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Court Approves Chemotherapy for Young Cancer Patient

January 14, 1986

CINCINNATI (AP) _ A hospital can perform chemotherapy on a 7-year-old boy with bone cancer depite his parents’ objections to the treatment on religious grounds, a court ruled Tuesday.

Doctors at Children’s Hospital Medical Center said David Willmann faced ″a death sentence″ without treatment, and hospital lawyers argued a tumor had swollen his left arm since a first round of chemotherapy, permitted by his parents, was completed in early December.

A three-judge panel of the Ohio 1st District Court of Appeals ruled that the hospital could go ahead with six weeks of planned chemotherapy treatments for the boy.

But the court granted the parents, Douglas and Lori Willmann of suburban Montgomery, an order prohibiting the hospital from performing surgery on David, pending further rulings by the court.

Doctors will review David’s progress and determine whether he needs surgery, possibly amputation of his left arm. The full court will hold a hearing at a date not yet announced on whether treatment should continue. Lawyers are to file written briefs by Jan. 31.

After allowing the boy to undergo five weeks of chemotherapy late last year, his parents, members of the Christian Church, changed their minds. They objected to further chemotherapy or surgery, citing their beliefs that Jesus Christ was healing the boy and that the hospital treatments held more risks than benefits for David.

The parents had appealed Saturday’s decision of Hamilton County Juvenile Court Judge John O’Connor to allow the hospital to go ahead with chemotherapy and any surgery judged necessary to save the boy’s life.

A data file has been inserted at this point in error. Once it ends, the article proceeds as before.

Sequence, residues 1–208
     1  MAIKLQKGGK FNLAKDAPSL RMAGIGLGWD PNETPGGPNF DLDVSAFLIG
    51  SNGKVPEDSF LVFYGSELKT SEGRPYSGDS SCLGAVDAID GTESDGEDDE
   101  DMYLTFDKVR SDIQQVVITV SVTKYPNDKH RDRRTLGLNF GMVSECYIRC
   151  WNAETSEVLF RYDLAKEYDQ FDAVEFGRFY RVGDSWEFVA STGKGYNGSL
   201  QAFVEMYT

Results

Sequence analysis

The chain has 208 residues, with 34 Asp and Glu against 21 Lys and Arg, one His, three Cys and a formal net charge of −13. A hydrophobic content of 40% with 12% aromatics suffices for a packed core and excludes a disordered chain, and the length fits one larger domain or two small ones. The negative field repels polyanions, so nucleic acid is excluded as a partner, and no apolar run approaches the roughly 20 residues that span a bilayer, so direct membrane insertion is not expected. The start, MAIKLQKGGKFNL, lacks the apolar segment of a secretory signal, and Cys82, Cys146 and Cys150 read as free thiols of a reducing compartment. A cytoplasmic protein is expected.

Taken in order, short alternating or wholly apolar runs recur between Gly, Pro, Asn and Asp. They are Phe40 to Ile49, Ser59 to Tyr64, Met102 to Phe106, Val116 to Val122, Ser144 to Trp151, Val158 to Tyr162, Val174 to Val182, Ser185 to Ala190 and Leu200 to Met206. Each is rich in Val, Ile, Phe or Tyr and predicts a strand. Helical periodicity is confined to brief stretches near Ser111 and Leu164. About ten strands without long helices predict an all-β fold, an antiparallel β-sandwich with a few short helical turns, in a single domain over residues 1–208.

Douglas Willmann issued a handwritten statement from the hospital Tuesday, saying, ″Lori and I would like to thank you for your continuing interest and concern about David. He is doing just fine. The full appeal process will take two to three weeks to complete, and we do not want to comment until that is over.

″The children’s hospital staff is giving David the same first-class care that he has always had, especially the nursing personnel and unit clerks on our floor.″

Richard Finan, a state senator who is the Willmanns’ lawyer, told the court Monday that David suffered walking problems and loss of hair from his first round of chemotherapy. He declined comment on the court’s ruling.

Deborah Lydon, lawyer for the hospital, said hospital officials would seek court permission for the surgery.

She said the hospital satisfied with Tuesday’s ruling. ″Obviously, if anything changes, we will react to that.″

The boy was transferred into the Cincinnati hospital’s custody Sunday and reported in fair condition Tuesday. Ms. Lydon declined to say when the hospital was beginning David’s chemotherapy treatments.

Doctors diagnosed the cancer when the Willmanns brought David to the hospital in October for examination of his swelling arm.

The tumor shrank during David’s earlier chemotherapy, said doctors who judged him ready for surgery to remove it last month. But the Willmanns had left with the boy on vacation, and the surgery was not performed.

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